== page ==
Writing in the Globe and Mail, MLI Managing Director Brian Lee Crowley counters recent “handwringing” about the expiry of the 10-year-old Health Accord. He argues that generous federal transfers have still left the system underperforming compared to other western democracies. Rather than demanding “federal leadership” on health care, says Crowley, we should acknowledge the failure of central planning, and allow the provinces to experiment with new means of funding and delivering care. The Globe published an edited version of this column.
Brian Lee Crowley, April 3, 2014
The health care establishment’s lamenting of the expiry this week of the health accord negotiated 10 years ago between Ottawa and the provinces contained lots of handwringing about alleged “underfunding” and lack of “federal leadership.” Neither of these things is at the root of health care’s malaise.
Medicare underperforms when compared to most other universal access systems in peer western industrial democracies: queuing, access to the latest technologies, physicians, paraprofessionals and specialists, and coverage of health services beyond hospital and physician care are all examples. Yet our system is one of the most expensive.
Despite this compelling evidence of deep systemic dysfunction, those who benefit from the status quo are sticking with the analysis of the Romanow Commission that prefigured the expired accord: there is basically nothing wrong with medicare that more money won’t fix. Ottawa must, through this and a vague and unspecified “leadership” role, rescue the system from its torpor and decline.
This is roughly equivalent to Dorothy believing she could close her eyes and wish really hard to be home in Kansas and the ruby slippers of good intentions, federal leadership and more money would magically take her there.
But magic cannot make disappear the fact that, 10 years after the federal health accord and record high levels of federal health transfers that were to buy us change, the system is essentially unreformed, ten years older and more expensive than ever.
The fall of the Berlin Wall is the great unlearned lesson of our health care system. The Wall fell for a reason, and until we learn that reason and apply it to health care, we are doomed to repeat these cycles of pretty sentiments and squandered money.
The lesson in question is the impossibility of central planning. Eastern Europe and others who tried it learned there are systemic reasons why it fails. It fails because of its inherent contradictions and flaws, no matter how beautiful the theory or good the planners’ intentions.
Centrally planned economies couldn’t feed, clothe or house themselves. Why? Because it made impossible demands on central planners.
It demanded that they know how many shoes people would want, in what styles and sizes and where they would need them. It demanded that planners know whether people would prefer more shoes or fewer if they had to make a choice between them and say coats or cars or food or houses or computers. No one knows this. The centrally planned system failed because it could only operate on the basis of what planners knew, which was always much less than what people knew about their own circumstances and needs.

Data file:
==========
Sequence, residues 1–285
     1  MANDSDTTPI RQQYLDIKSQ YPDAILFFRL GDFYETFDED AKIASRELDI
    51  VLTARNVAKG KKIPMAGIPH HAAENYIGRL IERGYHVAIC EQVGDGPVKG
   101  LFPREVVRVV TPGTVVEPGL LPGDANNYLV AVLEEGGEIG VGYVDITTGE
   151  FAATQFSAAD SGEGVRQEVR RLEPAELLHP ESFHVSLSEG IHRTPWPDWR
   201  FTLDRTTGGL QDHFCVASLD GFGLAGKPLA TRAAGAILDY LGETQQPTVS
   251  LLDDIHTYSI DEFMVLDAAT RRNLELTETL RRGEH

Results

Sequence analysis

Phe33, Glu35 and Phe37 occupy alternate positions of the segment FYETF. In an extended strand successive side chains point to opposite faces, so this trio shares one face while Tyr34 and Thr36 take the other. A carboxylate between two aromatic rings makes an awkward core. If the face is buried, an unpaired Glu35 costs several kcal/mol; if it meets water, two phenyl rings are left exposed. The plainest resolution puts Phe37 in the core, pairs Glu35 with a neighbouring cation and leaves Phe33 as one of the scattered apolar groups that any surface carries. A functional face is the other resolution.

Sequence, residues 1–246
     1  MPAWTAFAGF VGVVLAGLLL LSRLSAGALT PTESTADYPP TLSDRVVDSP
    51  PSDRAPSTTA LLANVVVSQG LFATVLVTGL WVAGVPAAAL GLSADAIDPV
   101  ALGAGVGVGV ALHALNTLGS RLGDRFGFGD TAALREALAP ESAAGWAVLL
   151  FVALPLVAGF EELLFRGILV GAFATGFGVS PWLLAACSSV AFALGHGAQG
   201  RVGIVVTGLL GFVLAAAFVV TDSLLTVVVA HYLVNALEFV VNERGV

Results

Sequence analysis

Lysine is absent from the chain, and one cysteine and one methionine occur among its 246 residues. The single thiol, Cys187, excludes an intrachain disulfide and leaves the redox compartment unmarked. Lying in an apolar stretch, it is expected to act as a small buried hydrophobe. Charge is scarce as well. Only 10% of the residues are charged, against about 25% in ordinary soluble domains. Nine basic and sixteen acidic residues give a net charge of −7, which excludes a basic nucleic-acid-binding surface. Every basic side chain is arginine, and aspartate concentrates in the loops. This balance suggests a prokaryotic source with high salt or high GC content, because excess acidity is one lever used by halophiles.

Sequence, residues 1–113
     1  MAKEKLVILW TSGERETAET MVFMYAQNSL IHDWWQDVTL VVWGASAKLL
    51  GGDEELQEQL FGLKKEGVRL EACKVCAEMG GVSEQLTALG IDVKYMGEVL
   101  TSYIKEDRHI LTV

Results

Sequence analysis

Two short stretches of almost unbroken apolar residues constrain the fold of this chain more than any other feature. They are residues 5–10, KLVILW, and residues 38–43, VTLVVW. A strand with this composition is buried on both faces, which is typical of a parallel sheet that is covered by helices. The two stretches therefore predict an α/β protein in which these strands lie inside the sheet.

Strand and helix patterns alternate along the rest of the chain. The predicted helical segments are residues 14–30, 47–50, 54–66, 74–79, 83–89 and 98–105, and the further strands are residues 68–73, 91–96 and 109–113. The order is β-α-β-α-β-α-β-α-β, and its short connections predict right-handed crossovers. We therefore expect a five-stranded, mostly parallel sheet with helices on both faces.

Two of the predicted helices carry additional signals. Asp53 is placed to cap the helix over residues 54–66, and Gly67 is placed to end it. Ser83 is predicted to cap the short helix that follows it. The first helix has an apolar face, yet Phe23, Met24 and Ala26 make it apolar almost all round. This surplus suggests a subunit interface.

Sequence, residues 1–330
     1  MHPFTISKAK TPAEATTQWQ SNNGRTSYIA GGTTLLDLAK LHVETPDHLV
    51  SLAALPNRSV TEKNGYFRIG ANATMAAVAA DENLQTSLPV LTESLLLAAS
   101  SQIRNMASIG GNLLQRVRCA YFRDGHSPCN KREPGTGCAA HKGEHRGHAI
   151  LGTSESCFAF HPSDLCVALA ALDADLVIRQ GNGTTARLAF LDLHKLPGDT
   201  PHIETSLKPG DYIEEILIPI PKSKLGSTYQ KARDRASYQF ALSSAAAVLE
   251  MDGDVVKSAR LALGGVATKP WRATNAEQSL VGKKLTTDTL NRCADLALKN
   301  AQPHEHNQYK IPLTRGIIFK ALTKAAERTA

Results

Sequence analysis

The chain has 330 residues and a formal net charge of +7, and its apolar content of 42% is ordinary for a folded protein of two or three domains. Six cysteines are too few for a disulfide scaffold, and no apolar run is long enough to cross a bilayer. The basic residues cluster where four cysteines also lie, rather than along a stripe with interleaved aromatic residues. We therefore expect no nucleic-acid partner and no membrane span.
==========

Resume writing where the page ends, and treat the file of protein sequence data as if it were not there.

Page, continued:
By contrast western society is based on the idea of decentralised information and control, of the rule of law, individual decision-making and competition. Our society operates on more information than any individual or committee or ministry can gather and analyse and act on. Our system works because, not in spite of, no planning ministry being in charge.
But while we might have escaped the delusion of central planning for the most part in the west, medicare remains a lonely outpost of its logic. It can be kept precariously afloat by ever increasing cash infusions. But as Margaret Thatcher once observed, the problem is that eventually you run out of other people’s money.
Is our system a lonely holdover of the central planning mentality? Consider: provincial ministries of health govern, administer and evaluate the services their system provides and pays for. They define “medically necessary services” and then pay for all such services. They forbid private insurance for those services. They negotiate pay with powerful provider groups. They often set the budgets for nominally private health care institutions, appoint most of their board members, and may override management decisions, a power that they employ freely, especially when political controversy looms.
In a Manitoba provincial election a few years ago the quality of toast in hospitals was a major issue. The parties thought that they could and should be able to affect this matter, and the electorate did not laugh them out of court. That’s the central planning mentality.
Central planning encourages delusions of grandeur in which officials come to believe that there is a right solution to every problem (how should doctors be paid and their practice organised, how paraprofessionals should be integrated into medical practice, etc.) which it is up to them to find and impose. Alas, though, there is no one right answer to most such questions because everything depends on circumstances. The system cannot be run successfully from the centre no matter how many billions you lavish on it.